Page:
# Boolean == boolean

Joshua Fix
Ranch Hand
Posts: 57
I find this to be odd. Can anybody offer an explanation?

This prints "yes no".

Since the first statement results in true, I assume that the boolean gets boxed to Boolean, then the two Booleans are compared, which makes me think that the == method just compares the value true or false. But the second one returns false and destroys that theory.

I'm confused.

Julio Eneriz
Greenhorn
Posts: 15
The second statement is false because you are comparing references, not the actual objects.

I think what happens in the first one is auto-unboxing, because if it was auto-boxing, you would have the same problem, so in order to compare, you unbox.

But I would have said both were false, so thanks for your example.

nico dotti
Ranch Hand
Posts: 124

I believe that 'b' is actually pooling the TRUE object which the primitive b1 is also pointing to but without actually creating a 'new' object! Then b2 is using the 'new' to create it's own object which is a seperate reference, but a reference to a pointer to the TRUE.

I'm not a bytecode expert, but it seems that they're both using the constant TRUE:
ldc #3; //String TRUE
So their pointing to the same value that's been pooled, but through differing references? That's my take - wish I could be more empirical about HOW it's working. However, anytime you see 'new' it's going to fail the == comparison with another reference variable unless it was manually assigned to that variable (ie b3 = b2;// now both point to same ojbect through the same reference)
[ December 09, 2007: Message edited by: nico dotti ]

marc weber
Sheriff
Posts: 11343
For more detail...

In the case of b == b1, a Boolean object is being compared to a boolean primitive. This is a "boolean equality," so according to JLS 15.21.2, the Boolean object is unboxed and primitive booleans are compared. Both have a value of "true," so the comparison is true.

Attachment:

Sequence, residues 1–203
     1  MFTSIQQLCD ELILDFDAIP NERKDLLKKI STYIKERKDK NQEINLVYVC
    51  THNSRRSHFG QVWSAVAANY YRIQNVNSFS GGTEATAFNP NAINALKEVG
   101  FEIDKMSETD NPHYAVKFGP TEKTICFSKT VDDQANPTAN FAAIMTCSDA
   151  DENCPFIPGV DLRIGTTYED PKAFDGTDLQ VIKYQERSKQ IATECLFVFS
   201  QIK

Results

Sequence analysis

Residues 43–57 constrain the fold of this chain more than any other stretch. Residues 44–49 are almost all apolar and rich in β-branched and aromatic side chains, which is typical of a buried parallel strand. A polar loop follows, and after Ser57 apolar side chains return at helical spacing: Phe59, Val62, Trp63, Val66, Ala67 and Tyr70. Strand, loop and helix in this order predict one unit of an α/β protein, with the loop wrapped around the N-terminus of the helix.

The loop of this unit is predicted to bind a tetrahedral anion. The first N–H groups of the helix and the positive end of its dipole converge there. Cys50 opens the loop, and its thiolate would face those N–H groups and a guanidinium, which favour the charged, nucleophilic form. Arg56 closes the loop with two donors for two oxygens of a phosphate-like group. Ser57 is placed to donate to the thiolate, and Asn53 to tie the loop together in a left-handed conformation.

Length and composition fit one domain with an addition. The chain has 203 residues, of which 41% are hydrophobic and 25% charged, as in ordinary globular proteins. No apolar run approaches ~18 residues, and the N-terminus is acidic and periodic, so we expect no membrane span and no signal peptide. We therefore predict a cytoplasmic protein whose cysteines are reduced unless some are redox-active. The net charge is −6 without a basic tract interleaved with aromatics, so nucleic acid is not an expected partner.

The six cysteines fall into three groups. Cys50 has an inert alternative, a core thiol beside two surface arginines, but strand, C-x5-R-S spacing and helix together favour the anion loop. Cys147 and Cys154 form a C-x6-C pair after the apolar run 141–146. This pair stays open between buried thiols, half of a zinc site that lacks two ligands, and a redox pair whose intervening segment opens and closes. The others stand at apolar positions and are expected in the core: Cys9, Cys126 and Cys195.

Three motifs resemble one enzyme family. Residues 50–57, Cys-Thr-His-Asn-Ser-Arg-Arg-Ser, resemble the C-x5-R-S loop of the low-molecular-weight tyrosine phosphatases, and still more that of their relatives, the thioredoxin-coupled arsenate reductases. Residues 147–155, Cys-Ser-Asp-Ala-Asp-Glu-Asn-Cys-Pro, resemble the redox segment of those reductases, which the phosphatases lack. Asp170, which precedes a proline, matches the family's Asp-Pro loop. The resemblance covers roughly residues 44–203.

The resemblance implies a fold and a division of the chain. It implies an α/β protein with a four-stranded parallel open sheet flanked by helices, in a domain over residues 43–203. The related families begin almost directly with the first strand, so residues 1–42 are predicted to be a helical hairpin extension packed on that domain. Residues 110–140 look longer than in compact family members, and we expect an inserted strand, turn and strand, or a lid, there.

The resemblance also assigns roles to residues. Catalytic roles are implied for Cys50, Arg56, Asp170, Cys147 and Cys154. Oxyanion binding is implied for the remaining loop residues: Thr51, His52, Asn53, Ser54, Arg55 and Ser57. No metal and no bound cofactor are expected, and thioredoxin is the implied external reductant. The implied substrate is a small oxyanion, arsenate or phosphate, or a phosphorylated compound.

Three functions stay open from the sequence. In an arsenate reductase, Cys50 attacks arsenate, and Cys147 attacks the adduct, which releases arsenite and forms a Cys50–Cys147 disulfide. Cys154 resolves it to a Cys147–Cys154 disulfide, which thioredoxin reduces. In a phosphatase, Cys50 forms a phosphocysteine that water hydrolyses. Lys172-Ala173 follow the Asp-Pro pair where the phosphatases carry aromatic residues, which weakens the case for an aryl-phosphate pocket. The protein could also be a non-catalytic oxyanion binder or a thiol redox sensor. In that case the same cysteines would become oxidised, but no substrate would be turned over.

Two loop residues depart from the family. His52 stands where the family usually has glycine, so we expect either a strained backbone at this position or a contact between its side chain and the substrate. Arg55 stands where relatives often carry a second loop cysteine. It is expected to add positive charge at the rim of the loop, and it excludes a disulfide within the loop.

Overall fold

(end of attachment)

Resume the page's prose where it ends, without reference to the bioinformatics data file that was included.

In the case of b == b2, two Boolean objects are being compared. Note that these are separate objects, each created using "new" (as opposed to autoboxing). This is a "reference equality," so according to JLS 15.21.3, the comparison is false because these do not refer to the same object.

Sugantha Jeevankumar
Ranch Hand
Posts: 93
Hey Marc,
b1 is declared to be a primitive boolean...so both comparisons are similar in nature.I think it should be some ambiguity involved with the object pool
[ December 09, 2007: Message edited by: sugantha Jeevankumar ]

marc weber
Sheriff
Posts: 11343
Originally posted by sugantha Jeevankumar:
Hey Marc,
b1 is declared to be a primitive boolean...so both comparisons are similar in nature.I think it should be some ambiguity involved with the object pool...

I'm sorry, I don't understand what you mean. One of these comparisons is a "boolean equality" and the other is a "reference equality" as described in the JLS. (Note that the second comparison does not involve the primitive b1, and neither of the wrapper instances are created with autoboxing.) So what are you saying?
[ December 10, 2007: Message edited by: marc weber ]